But the film is more than the story of this confrontation of political forces. It is the story of a nation searching for a new way, a moral center, as it moves rapidly towards an unknown future, creating great pain and social division. Yet, as the title reflects, Goldvskaya's view remains a hopeful one.

Video 3
The House with Knights (House on Arbat Street)
, 58 min.
The story of the people who lived in the House with Knights is the story of Russia in the 20th Century. Built in the early 1900's, this grand apartment building on Arbat Street at first was the residence of rich and privileged families. Then, after the revolution of 1917, it was turned into a collective housing unit. People from all backgrounds were brought in and told, "From now on you will have to cram together."

Through historical footage and the reminiscences of former residents, some now 98 years old, the incredible story of the House with Knights comes alive. One resident describes how "every day you could hear doors banging: they had come to arrest someone." Another muses, "Today I am sure of nothing. There was so much hypocrisy and lying that everything I thought to be good was perhaps no more than an illusion. The only truly real thing was the people." The narrator remarks: "For 70 years all of Russia was like this building - a strange family indeed."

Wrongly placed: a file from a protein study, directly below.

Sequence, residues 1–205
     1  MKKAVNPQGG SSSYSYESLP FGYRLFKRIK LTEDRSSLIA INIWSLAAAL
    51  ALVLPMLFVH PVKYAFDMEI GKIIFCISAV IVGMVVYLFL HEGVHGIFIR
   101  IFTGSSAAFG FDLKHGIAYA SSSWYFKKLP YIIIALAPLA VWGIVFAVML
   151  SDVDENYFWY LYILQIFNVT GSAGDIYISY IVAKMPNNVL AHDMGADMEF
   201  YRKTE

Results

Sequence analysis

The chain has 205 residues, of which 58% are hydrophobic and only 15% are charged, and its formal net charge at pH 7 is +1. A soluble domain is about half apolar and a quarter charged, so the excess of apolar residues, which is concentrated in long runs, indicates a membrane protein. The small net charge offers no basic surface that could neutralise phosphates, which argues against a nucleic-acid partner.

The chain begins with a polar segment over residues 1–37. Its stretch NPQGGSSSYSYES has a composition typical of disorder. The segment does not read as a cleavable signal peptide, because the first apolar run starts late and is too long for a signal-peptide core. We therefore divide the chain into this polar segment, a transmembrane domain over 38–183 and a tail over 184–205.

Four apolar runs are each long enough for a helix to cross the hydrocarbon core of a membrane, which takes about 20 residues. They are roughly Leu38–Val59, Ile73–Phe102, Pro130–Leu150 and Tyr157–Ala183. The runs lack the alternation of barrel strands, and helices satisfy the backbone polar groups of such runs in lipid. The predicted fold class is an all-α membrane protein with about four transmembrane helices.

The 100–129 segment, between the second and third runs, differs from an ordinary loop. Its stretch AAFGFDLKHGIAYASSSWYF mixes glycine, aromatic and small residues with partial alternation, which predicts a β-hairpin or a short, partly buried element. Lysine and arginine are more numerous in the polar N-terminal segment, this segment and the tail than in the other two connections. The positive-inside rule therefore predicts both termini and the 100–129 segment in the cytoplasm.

Video 4
A Taste of Freedom
, 46 min.
A Taste of Freedom follows six weeks in the lives of Sasha and Anya Politkovsky, whose daily existence reflects the turmoil and uncertainty of the time. Sasha is a prominent TV journalist who tests the limits of the new freedom afforded Russian reporters. Anya is deeply concerned for Sasha's safety. At one point she has not heard from him for three days after he goes off to cover the riots in Baku. Later, she sees him on TV, one of the first journalists to interview people living in the shadow of the Chernobyl disaster.